Habits of Lifelong Learning
Dr. Gordon is the Director of Residency Technology.
There is no denying that the nature of connections between people is changing. With my grandma, it is best to send a handwritten card. But my elementary age nephew and niece text me from their iPods. One of our current residents wouldn’t mind getting all communication through Facebook status updates. In some ways, even writing this ‘essay’ seems old school. Yet, print is not dead, and adaptation to new technology is the name of the game.
As such, the residency is working to adapt (and possibly even lead the way) to the new tools and methods of connecting to our community. While the current residents are always the core of our community, we have a big group of you out there that have a personal connection with the program. The non-exhaustive list includes applicants, alumni, former faculty, non-EM faculty, affiliated community physicians, nurses, hospital staff, and residency benefactors. Beyond this circle, we have our community in which we serve: the patients of the east metro area and western Wisconsin.
So, since our residency serves so many, we must work to reach out and try new things. During 2010, the residency has focused on social media to expand its outreach. While our email list, EMRes, has been active for over 10 years, with 312 subscribers, we now also have 393 people who ‘like’ us via Facebook.
How many of you are connected with the residency on Facebook? Or are following our tweets (@regionsem)? While these tools are definied as ‘social’, it is amazing how much medicine you can learn from social media. Our status updates and tweets frequently contain clinical content, not just the latest residency curling outing.
In the true sense of social media, many individuals have gotten into the act. Our Trauma Director, Michael McGonigal, has shared much of his wisdom and opinion through his blog, The Trauma Professional’s Blog (regionstraumapro.com). Our Tox service has a nice blog at Twin Cities Toxicology (twincitiestox.tumblr.com) Stephanie Taft has maintained the print version of the EM Shorts newsletter, still posted in EDs around the state by some of our alums. We’re experimenting with also putting this information into a blog.
With regard to your personal habits of lifetime learning… how are you doing? Do you have a habit? Have you found a way to keep your clinical edge sharpened? Really, it is all about finding that optimized combination of content and tools to keep you efficiently and continuously processing the tsunami of information that washes upon us daily. How to do this? Here’s my suggestion.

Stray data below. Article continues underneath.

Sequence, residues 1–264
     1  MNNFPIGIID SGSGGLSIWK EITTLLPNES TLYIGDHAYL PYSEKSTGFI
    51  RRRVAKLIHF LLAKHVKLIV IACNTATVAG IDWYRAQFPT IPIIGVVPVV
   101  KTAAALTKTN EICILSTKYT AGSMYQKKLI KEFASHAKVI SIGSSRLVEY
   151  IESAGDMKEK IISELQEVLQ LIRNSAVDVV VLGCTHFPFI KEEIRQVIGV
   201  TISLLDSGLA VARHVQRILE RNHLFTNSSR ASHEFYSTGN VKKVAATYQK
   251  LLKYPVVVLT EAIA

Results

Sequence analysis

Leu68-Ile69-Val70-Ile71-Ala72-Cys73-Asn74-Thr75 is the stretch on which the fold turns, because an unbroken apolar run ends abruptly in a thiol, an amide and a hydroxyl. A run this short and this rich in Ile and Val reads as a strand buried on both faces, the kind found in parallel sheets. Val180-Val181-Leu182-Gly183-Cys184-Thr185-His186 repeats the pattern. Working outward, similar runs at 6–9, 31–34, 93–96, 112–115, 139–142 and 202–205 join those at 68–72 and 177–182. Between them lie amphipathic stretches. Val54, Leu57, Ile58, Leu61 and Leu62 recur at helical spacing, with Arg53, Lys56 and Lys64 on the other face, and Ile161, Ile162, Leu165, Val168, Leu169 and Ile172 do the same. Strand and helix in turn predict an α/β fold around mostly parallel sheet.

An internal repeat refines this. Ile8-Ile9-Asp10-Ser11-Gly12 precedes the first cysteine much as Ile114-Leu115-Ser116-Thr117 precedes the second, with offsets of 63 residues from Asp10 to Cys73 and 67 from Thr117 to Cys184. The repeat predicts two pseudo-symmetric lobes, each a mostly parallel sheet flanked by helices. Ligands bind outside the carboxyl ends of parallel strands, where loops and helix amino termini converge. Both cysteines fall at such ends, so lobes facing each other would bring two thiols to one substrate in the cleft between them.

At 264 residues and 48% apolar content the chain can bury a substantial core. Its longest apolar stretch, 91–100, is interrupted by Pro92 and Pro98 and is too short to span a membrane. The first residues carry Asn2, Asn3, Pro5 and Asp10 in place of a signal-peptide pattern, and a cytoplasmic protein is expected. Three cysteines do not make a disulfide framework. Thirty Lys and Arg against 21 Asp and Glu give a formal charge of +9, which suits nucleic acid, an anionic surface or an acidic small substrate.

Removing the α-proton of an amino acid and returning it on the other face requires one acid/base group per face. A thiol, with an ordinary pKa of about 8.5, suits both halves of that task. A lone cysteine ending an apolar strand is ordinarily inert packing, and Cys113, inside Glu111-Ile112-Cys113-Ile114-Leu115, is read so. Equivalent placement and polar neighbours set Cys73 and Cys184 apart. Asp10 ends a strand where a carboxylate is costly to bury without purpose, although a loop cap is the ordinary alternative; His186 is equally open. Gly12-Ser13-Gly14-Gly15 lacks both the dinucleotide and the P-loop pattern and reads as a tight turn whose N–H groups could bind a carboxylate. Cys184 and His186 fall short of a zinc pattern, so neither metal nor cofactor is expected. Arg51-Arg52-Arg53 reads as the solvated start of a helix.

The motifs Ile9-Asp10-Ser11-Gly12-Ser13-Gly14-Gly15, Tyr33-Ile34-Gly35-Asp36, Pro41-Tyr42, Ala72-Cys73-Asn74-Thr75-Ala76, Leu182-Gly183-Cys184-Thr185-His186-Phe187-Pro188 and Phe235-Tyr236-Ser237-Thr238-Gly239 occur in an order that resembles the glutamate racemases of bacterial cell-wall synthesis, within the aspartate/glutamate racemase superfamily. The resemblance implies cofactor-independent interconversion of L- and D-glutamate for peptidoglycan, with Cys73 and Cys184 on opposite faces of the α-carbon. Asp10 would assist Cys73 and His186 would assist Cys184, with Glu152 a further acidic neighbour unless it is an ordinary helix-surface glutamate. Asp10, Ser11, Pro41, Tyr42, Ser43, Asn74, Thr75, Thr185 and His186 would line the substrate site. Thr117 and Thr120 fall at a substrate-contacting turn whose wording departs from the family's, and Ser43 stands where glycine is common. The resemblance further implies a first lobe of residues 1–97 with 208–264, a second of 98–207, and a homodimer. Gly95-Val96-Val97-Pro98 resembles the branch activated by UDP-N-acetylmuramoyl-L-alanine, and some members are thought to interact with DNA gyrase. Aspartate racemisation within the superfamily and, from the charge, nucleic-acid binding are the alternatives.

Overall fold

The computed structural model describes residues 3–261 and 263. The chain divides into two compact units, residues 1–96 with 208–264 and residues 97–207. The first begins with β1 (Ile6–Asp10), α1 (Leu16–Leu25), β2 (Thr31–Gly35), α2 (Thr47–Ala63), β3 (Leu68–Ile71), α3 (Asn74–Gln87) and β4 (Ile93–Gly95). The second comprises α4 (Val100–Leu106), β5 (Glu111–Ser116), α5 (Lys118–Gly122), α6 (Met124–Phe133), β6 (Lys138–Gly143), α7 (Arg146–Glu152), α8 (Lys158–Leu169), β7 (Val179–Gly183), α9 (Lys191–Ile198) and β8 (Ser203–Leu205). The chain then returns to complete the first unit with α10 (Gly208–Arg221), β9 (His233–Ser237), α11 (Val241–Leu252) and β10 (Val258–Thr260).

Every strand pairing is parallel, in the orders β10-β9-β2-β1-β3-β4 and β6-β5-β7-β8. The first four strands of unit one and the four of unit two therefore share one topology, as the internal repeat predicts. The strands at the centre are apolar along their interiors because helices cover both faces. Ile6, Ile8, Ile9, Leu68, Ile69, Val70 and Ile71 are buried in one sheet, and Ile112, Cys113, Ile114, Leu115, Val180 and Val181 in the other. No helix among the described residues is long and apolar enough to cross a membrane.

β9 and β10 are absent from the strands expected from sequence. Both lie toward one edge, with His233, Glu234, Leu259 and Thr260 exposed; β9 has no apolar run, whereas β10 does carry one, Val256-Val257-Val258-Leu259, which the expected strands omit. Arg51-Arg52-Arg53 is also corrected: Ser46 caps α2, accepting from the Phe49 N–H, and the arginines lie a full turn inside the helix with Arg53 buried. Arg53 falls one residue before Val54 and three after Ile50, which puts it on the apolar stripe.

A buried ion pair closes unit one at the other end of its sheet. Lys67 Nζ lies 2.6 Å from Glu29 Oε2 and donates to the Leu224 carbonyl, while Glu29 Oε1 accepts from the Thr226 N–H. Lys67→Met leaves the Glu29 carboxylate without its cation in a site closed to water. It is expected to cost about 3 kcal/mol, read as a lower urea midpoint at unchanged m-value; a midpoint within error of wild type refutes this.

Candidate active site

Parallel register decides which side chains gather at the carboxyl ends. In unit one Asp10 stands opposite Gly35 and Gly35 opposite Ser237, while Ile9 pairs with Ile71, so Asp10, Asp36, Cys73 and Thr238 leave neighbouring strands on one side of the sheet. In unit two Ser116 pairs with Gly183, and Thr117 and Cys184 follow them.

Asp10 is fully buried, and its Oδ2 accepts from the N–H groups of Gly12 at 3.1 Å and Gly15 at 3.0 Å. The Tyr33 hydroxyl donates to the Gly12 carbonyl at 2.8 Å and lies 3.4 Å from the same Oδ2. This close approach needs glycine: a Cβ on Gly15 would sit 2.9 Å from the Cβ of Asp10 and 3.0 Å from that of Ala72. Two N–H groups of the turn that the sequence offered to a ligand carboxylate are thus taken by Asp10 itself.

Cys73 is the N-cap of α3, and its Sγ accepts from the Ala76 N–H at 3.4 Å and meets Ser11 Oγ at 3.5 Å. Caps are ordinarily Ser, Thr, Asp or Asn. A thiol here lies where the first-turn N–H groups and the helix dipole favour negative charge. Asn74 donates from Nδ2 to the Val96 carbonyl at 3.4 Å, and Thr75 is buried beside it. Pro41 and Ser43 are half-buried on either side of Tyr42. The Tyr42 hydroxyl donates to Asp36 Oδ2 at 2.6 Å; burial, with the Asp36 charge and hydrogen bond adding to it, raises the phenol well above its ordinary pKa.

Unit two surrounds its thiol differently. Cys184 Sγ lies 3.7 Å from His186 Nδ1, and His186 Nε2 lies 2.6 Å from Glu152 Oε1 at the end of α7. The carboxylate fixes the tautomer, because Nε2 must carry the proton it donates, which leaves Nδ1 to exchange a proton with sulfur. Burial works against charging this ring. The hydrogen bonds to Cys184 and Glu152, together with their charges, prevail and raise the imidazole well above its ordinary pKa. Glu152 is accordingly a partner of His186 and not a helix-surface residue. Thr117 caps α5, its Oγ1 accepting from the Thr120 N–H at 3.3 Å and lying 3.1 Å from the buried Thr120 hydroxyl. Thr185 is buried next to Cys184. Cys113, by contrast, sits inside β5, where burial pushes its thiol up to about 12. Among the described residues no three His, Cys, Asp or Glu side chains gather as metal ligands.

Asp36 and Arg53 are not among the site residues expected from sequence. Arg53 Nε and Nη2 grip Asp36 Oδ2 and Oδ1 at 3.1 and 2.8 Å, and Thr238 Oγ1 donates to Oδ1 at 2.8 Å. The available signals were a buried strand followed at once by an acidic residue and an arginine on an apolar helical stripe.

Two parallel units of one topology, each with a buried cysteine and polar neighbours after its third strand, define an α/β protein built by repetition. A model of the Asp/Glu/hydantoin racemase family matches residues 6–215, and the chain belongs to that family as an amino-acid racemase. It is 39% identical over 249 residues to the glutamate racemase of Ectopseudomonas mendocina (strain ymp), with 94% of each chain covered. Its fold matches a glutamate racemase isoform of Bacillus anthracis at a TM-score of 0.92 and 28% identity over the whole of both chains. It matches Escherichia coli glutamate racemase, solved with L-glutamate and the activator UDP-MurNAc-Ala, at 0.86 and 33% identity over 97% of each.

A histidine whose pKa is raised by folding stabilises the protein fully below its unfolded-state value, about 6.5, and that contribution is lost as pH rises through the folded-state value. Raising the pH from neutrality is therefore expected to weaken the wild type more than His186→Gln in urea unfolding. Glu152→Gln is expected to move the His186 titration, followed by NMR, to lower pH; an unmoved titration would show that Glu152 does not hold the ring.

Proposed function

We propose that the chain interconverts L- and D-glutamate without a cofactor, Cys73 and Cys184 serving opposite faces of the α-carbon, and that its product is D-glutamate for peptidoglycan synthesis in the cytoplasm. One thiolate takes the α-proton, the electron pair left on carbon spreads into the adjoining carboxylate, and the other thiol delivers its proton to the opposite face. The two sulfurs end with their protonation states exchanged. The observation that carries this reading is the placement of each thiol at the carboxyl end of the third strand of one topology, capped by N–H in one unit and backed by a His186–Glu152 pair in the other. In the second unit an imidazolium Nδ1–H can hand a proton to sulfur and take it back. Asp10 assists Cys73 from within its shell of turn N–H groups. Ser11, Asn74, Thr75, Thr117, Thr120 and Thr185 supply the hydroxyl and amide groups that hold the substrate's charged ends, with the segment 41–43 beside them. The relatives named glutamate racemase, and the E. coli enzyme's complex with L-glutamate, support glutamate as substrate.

First, define your ‘tiers of knowledge’.
To review, these were The Cutting Edge: a core 10-20 percent of clinical information where you would call yourself ‘expert’; Standard of Care: This is material you should know for your practice without having to look it up; and The Limits: As in: I need to know something exists and how to pronounce the word, but I would need to look up anything beyond that.
Second, for each tier, identify a strategy for information monitoring.
For the cutting edge, I believe you should be monitoring for and reading primary work from peer reviewed journals.
For the standard of care, I’d use a mix of EM journals and some digest service (EM Abstracts, Journal Watch, etc)
For the limits: watch blogs, non-EM high-impact journals (JAMA, New England Journal, BMJ, etc)
Third, identify a tool to manage this constantly updating information.
This ideally is something you’re going to use every day. For me, it is my home email and RSS subscriptions via Google Reader. It is separate from work email, where I deal with a different deluge of information (e.g. can Epic trim toenails?) For others, it may be audio digests and paper journals. For the new generation of MDs, it may be Facebook and Twitter. (As an aside, I enjoy imagining what is next: downloading and 3D printing your own central line simulator? Sim lab on your XBox with Kinect? How far are we from direct download of knowledge into our brain?)